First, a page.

"The AD, Roger Smith, came to me and asked if I'd be interested in coaching the girls' team, " Rosner said. "It was rough. The first year we won two games, then four, then six."

                                                                                                                                                                                                                       
 

The 1983-84 season produced Streamwood's first winning season (13-12), and began a run of eight-straight winning seasons, a stretch that included four-straight regional titles and, in1988, a 26-4 campaign that ended with a 52-49 loss to York in the Class AA Batavia supersectional.

That team included Donna Groh, probably the best girls basketball player ever at Streamwood who went on to play at Northwestern, and Renee Kanak, still the program's all-time leading scorer.

"And then I had this little girl named Chris Francke," said Rosner who has kept a comprehensive book as well as scorebooks from every team he's coached back to 1973. "She ended up being an all-state player."

Francke went on to play at DePaul for Doug Bruno, one of the greatest influences in Rosner's career. Rosner worked Bruno's summer camps for 20-plus years, a time when he coached a player from Elk Grove named Babbi Barriero, now the longtime Barrington coach who Rosner will coach against on Monday.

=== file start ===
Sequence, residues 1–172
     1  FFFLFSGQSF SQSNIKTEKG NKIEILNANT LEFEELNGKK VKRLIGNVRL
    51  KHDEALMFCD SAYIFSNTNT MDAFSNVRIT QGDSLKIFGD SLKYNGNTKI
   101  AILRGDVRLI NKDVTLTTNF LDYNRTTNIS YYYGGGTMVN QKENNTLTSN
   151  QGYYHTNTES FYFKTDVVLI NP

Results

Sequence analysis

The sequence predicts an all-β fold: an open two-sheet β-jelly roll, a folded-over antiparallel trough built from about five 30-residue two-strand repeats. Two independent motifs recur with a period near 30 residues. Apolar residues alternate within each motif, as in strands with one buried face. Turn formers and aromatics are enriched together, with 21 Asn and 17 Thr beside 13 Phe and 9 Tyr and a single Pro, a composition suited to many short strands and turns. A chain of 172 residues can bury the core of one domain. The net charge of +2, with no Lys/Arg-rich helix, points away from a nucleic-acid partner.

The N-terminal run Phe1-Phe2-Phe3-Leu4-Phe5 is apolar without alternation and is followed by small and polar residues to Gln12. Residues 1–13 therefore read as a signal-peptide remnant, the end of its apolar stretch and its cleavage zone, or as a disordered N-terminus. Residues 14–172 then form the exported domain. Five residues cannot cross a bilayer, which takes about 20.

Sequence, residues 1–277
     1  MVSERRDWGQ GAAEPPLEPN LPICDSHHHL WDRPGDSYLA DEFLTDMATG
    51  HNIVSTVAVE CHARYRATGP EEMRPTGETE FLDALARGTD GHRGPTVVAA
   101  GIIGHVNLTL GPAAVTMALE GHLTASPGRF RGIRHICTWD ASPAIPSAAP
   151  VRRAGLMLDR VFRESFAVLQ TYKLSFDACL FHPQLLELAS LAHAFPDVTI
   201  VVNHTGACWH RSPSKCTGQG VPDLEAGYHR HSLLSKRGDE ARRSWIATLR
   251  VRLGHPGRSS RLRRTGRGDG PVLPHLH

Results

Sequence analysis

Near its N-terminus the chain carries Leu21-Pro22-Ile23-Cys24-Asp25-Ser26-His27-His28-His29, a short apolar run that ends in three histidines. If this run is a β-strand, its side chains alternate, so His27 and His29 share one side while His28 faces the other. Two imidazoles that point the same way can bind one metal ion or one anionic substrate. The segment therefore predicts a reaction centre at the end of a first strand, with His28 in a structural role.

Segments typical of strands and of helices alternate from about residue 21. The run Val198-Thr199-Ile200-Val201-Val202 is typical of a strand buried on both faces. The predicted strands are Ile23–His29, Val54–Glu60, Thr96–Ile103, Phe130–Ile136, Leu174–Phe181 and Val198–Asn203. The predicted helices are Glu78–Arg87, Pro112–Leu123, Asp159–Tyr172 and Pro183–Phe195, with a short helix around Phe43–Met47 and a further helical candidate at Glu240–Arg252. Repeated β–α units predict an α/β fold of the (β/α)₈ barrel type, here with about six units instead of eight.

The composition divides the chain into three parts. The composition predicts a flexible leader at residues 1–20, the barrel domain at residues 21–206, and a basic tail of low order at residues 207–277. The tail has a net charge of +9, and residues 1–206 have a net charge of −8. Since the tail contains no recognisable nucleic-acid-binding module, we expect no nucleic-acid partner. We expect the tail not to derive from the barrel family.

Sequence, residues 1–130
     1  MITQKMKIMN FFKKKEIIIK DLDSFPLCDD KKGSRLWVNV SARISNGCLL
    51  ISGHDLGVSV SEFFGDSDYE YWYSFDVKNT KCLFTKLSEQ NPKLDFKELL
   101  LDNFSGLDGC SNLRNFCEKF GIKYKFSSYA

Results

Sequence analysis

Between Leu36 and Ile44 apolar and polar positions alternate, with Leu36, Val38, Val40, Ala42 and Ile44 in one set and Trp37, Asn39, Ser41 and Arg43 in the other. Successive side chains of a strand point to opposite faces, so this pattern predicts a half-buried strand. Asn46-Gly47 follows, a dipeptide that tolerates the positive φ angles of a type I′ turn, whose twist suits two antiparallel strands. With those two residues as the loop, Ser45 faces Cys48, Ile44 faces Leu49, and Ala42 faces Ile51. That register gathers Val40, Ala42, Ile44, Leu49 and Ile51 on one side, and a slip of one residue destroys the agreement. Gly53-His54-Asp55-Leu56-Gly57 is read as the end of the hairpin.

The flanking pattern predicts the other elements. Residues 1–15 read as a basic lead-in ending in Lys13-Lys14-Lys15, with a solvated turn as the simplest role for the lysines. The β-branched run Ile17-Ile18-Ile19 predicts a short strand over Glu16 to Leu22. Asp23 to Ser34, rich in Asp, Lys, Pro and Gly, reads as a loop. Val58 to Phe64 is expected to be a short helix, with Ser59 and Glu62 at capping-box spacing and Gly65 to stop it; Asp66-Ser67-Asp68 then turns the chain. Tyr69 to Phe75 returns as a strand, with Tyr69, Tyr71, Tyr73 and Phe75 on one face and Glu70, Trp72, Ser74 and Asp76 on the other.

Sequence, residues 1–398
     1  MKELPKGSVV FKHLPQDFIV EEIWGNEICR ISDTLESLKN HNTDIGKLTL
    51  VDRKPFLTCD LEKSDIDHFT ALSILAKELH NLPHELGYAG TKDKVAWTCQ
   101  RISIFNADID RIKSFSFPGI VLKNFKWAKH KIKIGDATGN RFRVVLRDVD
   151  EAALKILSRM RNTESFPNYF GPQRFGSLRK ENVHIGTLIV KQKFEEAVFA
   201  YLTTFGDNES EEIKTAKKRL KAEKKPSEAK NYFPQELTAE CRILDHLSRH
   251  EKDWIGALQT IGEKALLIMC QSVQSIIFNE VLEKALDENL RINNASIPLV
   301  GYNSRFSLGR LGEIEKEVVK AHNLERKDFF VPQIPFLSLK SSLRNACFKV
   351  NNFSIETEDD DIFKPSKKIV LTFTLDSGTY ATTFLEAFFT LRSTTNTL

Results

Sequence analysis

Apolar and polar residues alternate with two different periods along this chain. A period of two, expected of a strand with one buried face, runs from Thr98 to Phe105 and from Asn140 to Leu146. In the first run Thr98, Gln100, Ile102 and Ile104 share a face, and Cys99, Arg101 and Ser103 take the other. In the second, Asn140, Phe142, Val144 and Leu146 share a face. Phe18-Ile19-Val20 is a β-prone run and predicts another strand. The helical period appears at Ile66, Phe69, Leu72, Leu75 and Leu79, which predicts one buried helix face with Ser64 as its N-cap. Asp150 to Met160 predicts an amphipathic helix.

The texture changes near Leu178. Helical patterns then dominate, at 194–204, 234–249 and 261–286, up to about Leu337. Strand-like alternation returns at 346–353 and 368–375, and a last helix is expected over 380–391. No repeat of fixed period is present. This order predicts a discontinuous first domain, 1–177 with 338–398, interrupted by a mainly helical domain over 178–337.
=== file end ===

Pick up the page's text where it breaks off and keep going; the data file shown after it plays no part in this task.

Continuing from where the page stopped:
The lean years followed after 1988 and not until 2013 did the Sabres win another regional title (their last regional title season was in 2017.

"That one (in 2013) really renewed me," said Rosner, who retired from teaching in 2012 and who will retire from an IBCA Hall of Fame career with over 400 wins. "I really thought about giving it up after a couple of bad years in the 2000s, but I stayed on. We had players like Emma Schmitt, Michelle Tomczak and Jessica Cerda come in and we were pretty tough again.

"But now I have two grandchildren I didn't have a year and a half ago. I'm 70, and it's just time. I'm glad I stayed with it and I'll absolutely miss it."

Rosner is quick to credit his wife, Kathy, and their sons, George Jr., and Joey, for their support. He also has a short list of coaches who influenced his career, and who he had some great battles with.

"Tom Yore, Doug Bruno, Will Rey, Derril Kipp and the original group of coaches in the Upstate Eight," Rosner said. "Lee Turek at Elgin ... man, we had some battles. We ended their season several times, and they ended ours. We also had some good battles with Denise (Sarna), when she was at Bartlett."

Now, in the twilight of his career, Rosner leaves with many fond memories but also some bitterness over the school dedicating the gym as Rosner Arena in December, only for that not to be honored by U-46 administration due to an obscure policy that doesn't allow anything to be named after someone while they're still alive, Rosner said. Thus, Rosner Arena, after widespread media coverage, is no more.

"It was good, positive publicity for Streamwood, which has had a lot of negativity over the years," said Rosner, who cited the night the gym was dedicated to him as, "one of the greatest nights ever."

"What hurt me the most was knowing there was a compromise in place to leave it up for the season and that was turned down. Maybe it wasn't done perfectly but it could have been left up for the season. Am I bitter? Yes. Am I hurt? Yes. But they can't take that night away and the positives of that night will never be forgotten"

Nor will the Beautiful Noise Rosner has emulated for more than 40 years.